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Antibacterial Efficacy of Commercially Available Essential Oils Tested Against Drug-Resistant Gram-Positive Pathogens

1
Microbiology Department, Faculty of Medicine, School of Health Sciences, University of Ioannina, 45110 Ioannina, Greece
2
Clinical Microbiology Laboratory, University Hospital, 45110 Ioannina, Greece
3
Laboratory of Hygiene of Foods of Animal Origin—Veterinary Public Health, School of Veterinary Medicine, Faculty of Health Sciences, Aristotle University of Thessaloniki, 54124 Thessaloniki, Greece
4
Food Microbiology Group, Microbiology Department, Faculty of Medicine, School of Health Sciences, University of Ioannina, 45110 Ioannina, Greece
5
Laboratory of Analytical Chemistry, Department of Chemistry, School of Sciences, University of Ioannina, 45110 Ioannina, Greece
*
Author to whom correspondence should be addressed.
Appl. Sci. 2018, 8(11), 2201; https://doi.org/10.3390/app8112201
Received: 10 October 2018 / Revised: 7 November 2018 / Accepted: 7 November 2018 / Published: 9 November 2018
(This article belongs to the Section Applied Biosciences and Bioengineering)
The potential antibacterial activity of basil (Ocimum basilicum), chamomile (Matricaria chamomilla), origanum (Thymus capitatus), tea tree (Melaleuca alternifolia) and thyme (Thymus vulgaris) essential oils, was investigated against 29 Gram-positive bacterial strains isolated from wastewater treatment plants, clinical samples (n = 25) and American Type Culture Collection (ATCC) reference strains (n = 4). Wild bacterial strains included methicillin-resistant Staphylococcus aureus (n = 16) and vancomycin-resistant Enterococcus spp. (n = 9). The antimicrobial activity of the selected oils was studied using the broth macrodilution method. The Minimal Inhibitory Concentration (MIC) values for S. aureus ranged from 0.06 to 0.5% (v/v) for origanum oil, 0.06 to 1% (v/v) for thyme oil, 0.12 to 1% (v/v) for tea tree oil, 0.25 to 4% (v/v) for basil oil and 2 to >4% (v/v) for chamomile oil. For enterococci the MIC values were significantly higher ranging from 0.25 to 1% (v/v), 0.5 to 2% (v/v), 1 to 4% (v/v), 4 to >4% (v/v) and >4% (v/v) for the above-mentioned oils, respectively. The main compounds of the tested essential oils were: estragole (Ocimum basilicum), bisabolol and trans-b-farnesene (Matricaria chamomilla), carvacrol and thymol (Thymus capitatus), terpinen-4-ol and p-cymene (Melaleuca alternifolia), thymol, linalool, and p-cymene (Thymus vulgaris). Origanum essential oil yielded the best antimicrobial results followed by thyme, tea tree, and basil oil, while chamomile oil exhibited weak antibacterial properties. View Full-Text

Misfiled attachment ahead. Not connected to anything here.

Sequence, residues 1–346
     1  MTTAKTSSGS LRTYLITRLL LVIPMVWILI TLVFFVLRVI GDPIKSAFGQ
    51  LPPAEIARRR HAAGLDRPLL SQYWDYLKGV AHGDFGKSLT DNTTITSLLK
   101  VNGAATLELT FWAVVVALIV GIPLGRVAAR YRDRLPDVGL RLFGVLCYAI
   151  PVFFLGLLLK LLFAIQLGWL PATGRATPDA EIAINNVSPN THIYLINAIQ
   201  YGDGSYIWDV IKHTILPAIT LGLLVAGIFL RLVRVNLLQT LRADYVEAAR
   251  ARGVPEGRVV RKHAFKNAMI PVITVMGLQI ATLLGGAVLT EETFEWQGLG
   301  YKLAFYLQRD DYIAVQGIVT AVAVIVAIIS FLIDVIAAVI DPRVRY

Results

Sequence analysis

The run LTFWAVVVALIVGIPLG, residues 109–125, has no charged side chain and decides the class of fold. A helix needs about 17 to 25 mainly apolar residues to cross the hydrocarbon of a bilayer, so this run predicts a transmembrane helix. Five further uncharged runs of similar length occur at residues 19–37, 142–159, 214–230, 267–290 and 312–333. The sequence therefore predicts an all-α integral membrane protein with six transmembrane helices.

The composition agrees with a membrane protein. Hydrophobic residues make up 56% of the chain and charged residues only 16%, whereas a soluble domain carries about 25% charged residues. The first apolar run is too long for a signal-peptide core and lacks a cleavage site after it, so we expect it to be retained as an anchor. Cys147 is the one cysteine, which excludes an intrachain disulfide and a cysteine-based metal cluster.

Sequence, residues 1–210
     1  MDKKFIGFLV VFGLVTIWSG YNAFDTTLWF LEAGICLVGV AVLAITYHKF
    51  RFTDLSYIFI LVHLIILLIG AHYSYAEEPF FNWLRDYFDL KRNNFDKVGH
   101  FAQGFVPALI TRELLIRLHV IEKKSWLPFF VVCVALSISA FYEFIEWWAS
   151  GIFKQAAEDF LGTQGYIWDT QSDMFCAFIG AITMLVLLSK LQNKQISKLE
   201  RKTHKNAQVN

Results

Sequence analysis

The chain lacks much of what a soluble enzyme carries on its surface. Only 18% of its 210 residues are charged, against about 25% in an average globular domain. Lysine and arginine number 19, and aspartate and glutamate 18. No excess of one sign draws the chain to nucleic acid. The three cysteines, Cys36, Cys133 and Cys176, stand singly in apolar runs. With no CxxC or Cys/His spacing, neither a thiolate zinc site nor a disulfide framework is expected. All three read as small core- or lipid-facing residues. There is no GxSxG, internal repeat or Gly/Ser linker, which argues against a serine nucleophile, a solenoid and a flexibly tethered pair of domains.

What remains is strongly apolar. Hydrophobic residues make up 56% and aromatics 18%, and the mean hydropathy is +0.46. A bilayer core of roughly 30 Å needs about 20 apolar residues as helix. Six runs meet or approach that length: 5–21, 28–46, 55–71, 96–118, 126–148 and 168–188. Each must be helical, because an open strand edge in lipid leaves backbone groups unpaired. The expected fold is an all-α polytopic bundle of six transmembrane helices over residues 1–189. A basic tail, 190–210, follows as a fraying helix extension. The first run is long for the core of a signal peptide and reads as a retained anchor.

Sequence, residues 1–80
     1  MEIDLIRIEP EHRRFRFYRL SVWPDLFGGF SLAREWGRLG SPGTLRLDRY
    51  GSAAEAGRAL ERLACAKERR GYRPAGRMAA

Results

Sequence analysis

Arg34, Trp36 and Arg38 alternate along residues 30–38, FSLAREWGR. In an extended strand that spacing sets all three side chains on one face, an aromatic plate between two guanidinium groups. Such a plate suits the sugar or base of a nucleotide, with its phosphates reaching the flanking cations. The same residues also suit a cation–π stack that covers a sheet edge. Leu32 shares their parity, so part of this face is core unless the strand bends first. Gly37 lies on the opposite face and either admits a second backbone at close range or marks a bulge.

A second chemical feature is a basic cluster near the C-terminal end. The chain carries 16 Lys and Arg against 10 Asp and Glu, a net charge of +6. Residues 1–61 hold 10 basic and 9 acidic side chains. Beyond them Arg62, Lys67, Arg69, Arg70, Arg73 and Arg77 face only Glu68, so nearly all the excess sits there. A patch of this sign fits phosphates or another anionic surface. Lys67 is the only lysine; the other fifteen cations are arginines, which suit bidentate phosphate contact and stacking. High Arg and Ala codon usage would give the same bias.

Keywords: essential oils; antimicrobial activity; MIC; multi-drug resistant; MRSA; VRE essential oils; antimicrobial activity; MIC; multi-drug resistant; MRSA; VRE
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MDPI and ACS Style

Sakkas, H.; Economou, V.; Gousia, P.; Bozidis, P.; Sakkas, V.A.; Petsios, S.; Mpekoulis, G.; Ilia, A.; Papadopoulou, C. Antibacterial Efficacy of Commercially Available Essential Oils Tested Against Drug-Resistant Gram-Positive Pathogens. Appl. Sci. 2018, 8, 2201. https://doi.org/10.3390/app8112201

AMA Style

Sakkas H, Economou V, Gousia P, Bozidis P, Sakkas VA, Petsios S, Mpekoulis G, Ilia A, Papadopoulou C. Antibacterial Efficacy of Commercially Available Essential Oils Tested Against Drug-Resistant Gram-Positive Pathogens. Applied Sciences. 2018; 8(11):2201. https://doi.org/10.3390/app8112201

Chicago/Turabian Style

Sakkas, Hercules; Economou, Vangelis; Gousia, Panagiota; Bozidis, Petros; Sakkas, Vasilios A.; Petsios, Stefanos; Mpekoulis, George; Ilia, Afrodite; Papadopoulou, Chrissanthy. 2018. "Antibacterial Efficacy of Commercially Available Essential Oils Tested Against Drug-Resistant Gram-Positive Pathogens" Appl. Sci. 8, no. 11: 2201. https://doi.org/10.3390/app8112201

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